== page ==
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Photos by Laura J. Gardner | The Journal Gazette
Russ Gillion questions Michael Burris, crime scene supervisor for Fort Wayne police, about President Lincoln”s death.
Revisiting Lincoln’s assassination

City CSI takes case, reveals results

Librarians at the Allen County Public Library asked Burris to investigate President Abraham Lincoln”s death. Here he presents his findings on the case.
This Deringer is similar to the one John Wilkes Booth used.

Michael Burris, crime scene coordinator for the Fort Wayne Police Department, has certain expectations when he investigates a homicide.

He assumes he can take DNA evidence, for one. And check for fingerprints. He expects he can go to the physical crime scene. And ideally, talk to witnesses.

But six months ago, his working conditions suddenly changed.

In November, librarians at the Allen County Public Library approached Burris and asked whether he could investigate President Abraham Lincoln’s death. His research tools would be the Lincoln Research Collection in the library. And at the end of the investigation, as a way to promote the collection, he would present his findings at a public lecture.

“At the time, I really didn’t know what I was getting into,” said Burris, who presented his findings at the library Sunday. “I didn’t know what to think, but it’s amazing what they have here (in the collection).”

Close to 60 people, some in Civil War costume dress, came to listen to Burris’ presentation. During his talk, he showed slides of Ford’s Theatre, where Lincoln was shot; pictures of the gun used in the assassination; and images of the Lincolns and other people who attended the play. Toward the end of his presentation, he compared the 1865 investigation to how it would be handled today.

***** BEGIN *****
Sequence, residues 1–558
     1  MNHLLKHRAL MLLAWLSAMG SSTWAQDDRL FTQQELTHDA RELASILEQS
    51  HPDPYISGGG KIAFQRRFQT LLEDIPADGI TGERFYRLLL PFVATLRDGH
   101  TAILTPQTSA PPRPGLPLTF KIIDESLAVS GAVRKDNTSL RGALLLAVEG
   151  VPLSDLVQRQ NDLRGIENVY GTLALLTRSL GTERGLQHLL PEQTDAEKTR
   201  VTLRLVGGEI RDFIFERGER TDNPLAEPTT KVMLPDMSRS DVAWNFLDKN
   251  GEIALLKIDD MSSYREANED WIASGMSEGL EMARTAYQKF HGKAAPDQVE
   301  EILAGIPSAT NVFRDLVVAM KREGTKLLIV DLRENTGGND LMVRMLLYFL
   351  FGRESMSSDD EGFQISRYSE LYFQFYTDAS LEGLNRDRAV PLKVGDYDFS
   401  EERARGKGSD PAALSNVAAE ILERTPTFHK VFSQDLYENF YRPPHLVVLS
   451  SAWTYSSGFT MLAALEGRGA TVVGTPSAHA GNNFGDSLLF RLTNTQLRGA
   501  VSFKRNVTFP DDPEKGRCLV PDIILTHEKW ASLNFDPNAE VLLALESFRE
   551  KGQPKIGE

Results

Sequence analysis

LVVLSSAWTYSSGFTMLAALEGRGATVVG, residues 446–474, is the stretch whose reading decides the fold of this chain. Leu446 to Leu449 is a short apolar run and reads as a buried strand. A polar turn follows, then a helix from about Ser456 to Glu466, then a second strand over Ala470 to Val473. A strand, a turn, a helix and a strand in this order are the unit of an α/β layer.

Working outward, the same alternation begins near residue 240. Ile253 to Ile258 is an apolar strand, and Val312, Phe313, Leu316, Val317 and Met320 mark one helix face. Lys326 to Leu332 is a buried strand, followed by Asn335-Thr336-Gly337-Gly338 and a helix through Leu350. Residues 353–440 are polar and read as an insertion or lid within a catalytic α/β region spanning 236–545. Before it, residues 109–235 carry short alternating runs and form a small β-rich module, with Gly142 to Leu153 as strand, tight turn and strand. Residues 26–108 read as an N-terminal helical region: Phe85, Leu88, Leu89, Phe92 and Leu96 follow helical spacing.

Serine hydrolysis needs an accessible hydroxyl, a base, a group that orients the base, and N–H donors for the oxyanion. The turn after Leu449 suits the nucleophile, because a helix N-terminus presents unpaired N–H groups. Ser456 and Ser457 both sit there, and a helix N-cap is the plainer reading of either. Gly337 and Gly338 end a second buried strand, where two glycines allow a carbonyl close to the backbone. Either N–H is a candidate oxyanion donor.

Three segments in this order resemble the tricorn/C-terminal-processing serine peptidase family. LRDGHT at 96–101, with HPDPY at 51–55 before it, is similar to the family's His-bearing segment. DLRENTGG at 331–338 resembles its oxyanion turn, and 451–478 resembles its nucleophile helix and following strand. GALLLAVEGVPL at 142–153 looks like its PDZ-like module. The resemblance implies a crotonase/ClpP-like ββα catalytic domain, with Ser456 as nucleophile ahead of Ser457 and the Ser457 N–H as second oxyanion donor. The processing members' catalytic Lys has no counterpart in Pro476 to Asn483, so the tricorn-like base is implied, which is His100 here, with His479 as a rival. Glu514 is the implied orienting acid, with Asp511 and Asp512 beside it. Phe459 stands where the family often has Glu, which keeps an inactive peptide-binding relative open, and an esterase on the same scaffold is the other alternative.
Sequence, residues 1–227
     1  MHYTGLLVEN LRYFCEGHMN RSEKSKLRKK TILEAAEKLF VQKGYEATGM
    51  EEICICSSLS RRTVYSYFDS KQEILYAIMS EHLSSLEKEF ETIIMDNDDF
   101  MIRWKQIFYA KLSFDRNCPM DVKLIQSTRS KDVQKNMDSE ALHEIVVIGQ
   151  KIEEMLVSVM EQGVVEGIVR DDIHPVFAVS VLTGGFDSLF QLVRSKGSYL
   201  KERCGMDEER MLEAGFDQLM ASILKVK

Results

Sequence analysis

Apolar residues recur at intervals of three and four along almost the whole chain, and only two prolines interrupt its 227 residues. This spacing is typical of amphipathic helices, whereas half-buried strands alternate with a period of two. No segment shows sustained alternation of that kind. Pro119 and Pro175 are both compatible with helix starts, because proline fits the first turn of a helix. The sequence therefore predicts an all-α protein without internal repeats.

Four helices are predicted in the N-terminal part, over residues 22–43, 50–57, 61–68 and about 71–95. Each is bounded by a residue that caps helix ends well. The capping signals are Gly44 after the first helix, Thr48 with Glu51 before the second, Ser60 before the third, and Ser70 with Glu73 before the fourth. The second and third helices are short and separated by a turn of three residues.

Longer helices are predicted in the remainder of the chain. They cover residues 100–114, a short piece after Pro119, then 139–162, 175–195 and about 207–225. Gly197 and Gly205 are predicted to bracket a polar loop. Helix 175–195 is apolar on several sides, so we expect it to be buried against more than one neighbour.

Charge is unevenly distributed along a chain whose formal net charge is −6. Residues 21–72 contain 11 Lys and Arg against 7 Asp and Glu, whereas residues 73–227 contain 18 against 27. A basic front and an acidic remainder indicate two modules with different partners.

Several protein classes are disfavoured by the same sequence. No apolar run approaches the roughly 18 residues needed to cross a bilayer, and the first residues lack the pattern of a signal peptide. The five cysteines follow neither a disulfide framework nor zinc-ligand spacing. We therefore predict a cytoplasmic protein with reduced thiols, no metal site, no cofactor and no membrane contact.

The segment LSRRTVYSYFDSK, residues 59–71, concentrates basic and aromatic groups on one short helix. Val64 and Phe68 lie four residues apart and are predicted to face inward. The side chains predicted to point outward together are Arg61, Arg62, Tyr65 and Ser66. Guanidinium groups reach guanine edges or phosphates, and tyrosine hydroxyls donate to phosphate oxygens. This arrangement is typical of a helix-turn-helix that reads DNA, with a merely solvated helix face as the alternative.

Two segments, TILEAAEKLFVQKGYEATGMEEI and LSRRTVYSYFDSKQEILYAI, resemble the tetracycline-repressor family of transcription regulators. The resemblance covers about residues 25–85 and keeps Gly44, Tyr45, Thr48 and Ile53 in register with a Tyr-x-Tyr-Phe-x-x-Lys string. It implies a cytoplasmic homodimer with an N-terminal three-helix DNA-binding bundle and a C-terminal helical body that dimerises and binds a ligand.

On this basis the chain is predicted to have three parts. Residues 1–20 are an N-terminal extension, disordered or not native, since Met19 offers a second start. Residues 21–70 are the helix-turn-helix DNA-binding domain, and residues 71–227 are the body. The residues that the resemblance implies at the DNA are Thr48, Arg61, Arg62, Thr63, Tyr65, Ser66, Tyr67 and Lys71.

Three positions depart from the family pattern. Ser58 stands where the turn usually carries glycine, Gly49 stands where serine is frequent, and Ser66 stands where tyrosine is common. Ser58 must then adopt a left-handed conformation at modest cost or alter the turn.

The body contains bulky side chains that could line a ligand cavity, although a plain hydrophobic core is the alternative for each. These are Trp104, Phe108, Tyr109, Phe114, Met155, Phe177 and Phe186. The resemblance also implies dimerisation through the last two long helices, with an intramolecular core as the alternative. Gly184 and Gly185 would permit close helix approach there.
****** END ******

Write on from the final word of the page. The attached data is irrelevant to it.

The basic story Burris uncovered is well known: John Wilkes Booth, a well-known actor, came into Lincoln’s theater box about 10:30 p.m. April 14, 1865, and put a bullet through the president’s head. Booth then jumped to the stage, hurting his leg, and fled, only to be killed later when he was caught.

But during his research, Burris discovered at least one fact that surprised him: Booth’s plan was part of a larger conspiracy, he said, and though he acted alone, others knew of his plan.

Cheryl Ferverda, communications and development manager at the library, says she hopes Burris’ talk will spread awareness about the library’s $16 million Lincoln collection.

In 2009, the Lincoln Financial Foundation announced that the collection from the closed Berry Street Lincoln Museum would be donated to Indiana. The $20 million collection, the world’s largest private collection of Lincoln memorabilia, was split between the Allen County Public Library and the Indiana State Museum in Indianapolis. The library largely retained the books, documents and letters, while the museum received artifacts and a few key documents.

Visitors to the library must schedule an appointment to view the collection, which includes Mary Todd Lincoln’s family photo albums, her letters, photographs and some notes written by Lincoln.

The library plans to have another event examing Booth’s escape route and capture in the late summer or fall.